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contents 6

6 newsbriefs 14 healthbriefs 15 globalbriefs 17 community

Natural Awakenings is your guide to a healthier, more balanced life. In each issue readers find cutting-edge information on natural health, nutrition, fitness, personal growth, green living, creative expression and the products and services that support a healthy lifestyle.


17 Community spotlight 21 healingways Raven Sadhaka Seltzer: Offering 16 22 greenliving Self-Healing Solutions for Back and Neck Pain by Kim Childs 24 consciouseating 18 26 fitbody 18 EASING EARTH’S RISING FEVER 28 healthykids The Right Steps Now 33 petbriefs Can Avert the Worst of It by Christine MacDonald 35 naturalpet 24 38 calendarof 21 ASSESSING BREAST CANCER RISK WITH events DIGITAL THERMOGRAPHY 43 community by Matthew Robinson and Susan Saari resourceguide 22 SHOP WITH THE PLANET IN MIND 23 advertising & submissions Daily Choices Help how to advertise To advertise with Natural Awakenings or request a media kit, please contact us at 617-906-0232 or email Publisher@NaturalAwakeningsBoston.com. Deadline for ads: the 10th of the month.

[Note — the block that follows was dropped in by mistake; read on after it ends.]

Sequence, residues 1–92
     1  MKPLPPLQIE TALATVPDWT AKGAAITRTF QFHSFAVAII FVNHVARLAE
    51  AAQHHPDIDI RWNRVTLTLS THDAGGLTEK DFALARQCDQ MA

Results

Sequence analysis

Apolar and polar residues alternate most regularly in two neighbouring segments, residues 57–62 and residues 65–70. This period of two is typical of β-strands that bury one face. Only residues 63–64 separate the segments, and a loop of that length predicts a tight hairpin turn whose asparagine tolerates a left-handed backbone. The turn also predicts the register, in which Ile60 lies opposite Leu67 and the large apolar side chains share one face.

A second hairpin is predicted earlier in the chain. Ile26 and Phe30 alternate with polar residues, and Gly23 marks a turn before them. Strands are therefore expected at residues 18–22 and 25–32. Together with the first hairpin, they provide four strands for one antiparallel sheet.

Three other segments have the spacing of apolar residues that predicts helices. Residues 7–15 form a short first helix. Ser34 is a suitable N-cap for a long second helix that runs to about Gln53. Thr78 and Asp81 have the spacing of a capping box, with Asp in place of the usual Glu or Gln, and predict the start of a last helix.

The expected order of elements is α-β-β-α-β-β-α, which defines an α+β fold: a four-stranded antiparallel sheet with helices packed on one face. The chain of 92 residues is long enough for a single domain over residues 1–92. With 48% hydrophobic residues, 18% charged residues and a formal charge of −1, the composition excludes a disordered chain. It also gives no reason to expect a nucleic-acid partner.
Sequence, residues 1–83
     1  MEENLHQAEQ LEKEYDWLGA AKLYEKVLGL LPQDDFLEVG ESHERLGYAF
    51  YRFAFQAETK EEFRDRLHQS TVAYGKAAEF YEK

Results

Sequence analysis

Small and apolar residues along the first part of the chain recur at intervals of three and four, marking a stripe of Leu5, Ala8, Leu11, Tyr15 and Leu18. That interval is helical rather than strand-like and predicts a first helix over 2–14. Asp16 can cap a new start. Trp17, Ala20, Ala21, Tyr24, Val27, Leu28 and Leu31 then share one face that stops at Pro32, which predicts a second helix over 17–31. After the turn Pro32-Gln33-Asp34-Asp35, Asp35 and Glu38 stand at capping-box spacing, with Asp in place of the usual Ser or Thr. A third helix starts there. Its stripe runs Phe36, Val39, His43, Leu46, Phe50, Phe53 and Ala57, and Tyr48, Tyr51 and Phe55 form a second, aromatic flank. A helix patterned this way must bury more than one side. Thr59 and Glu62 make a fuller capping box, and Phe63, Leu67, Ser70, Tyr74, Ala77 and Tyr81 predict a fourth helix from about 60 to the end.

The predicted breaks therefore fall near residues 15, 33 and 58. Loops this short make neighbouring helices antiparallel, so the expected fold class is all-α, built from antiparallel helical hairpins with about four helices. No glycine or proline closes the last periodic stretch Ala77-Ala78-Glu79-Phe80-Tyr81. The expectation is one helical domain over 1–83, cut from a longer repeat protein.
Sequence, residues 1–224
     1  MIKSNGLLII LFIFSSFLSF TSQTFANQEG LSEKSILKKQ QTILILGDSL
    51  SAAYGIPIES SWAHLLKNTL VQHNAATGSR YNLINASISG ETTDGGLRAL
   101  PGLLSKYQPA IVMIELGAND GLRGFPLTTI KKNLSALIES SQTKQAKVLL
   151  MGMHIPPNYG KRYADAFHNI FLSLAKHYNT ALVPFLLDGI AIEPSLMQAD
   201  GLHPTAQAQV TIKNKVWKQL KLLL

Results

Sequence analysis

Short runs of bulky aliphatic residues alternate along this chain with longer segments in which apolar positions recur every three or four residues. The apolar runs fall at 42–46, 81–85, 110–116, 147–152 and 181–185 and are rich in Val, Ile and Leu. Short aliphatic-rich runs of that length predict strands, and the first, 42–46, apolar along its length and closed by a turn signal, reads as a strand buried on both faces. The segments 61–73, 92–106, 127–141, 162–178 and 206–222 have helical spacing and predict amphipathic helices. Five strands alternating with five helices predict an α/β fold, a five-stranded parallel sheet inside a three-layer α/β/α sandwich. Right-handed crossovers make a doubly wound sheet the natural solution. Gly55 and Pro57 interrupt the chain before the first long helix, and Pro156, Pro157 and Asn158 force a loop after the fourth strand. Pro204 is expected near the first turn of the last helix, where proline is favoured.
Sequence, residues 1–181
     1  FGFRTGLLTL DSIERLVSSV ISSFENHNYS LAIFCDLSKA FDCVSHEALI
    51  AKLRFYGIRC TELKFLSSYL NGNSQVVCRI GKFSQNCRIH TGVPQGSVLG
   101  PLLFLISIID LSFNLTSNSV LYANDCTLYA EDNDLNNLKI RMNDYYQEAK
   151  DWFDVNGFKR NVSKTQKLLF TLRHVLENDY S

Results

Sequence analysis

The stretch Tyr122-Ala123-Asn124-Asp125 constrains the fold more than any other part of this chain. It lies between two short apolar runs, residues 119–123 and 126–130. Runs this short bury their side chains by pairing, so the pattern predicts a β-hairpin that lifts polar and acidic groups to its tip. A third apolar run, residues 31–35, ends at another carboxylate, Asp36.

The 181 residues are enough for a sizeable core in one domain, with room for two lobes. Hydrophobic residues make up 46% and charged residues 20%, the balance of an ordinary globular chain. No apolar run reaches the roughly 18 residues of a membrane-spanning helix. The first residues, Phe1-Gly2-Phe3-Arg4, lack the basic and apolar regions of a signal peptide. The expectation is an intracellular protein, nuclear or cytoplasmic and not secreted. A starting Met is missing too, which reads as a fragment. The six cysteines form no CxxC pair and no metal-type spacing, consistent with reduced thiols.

Counter Climate Change by Christine MacDonald



by Jon Napoli

Editorial submissions Email articles, news items and ideas to: Editor@ NaturalAwakeningsBoston.com. Deadline for editorial: the 5th of the month.


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A Lighter Shade of Paleo

by Sayer Ji and Tania Melkonian



A Literal Path to Personal Growth by Sarah Todd

28 STARRY-EYED KIDS Clear Skies, Cool Nights Open Vast Vistas by Randy Kambic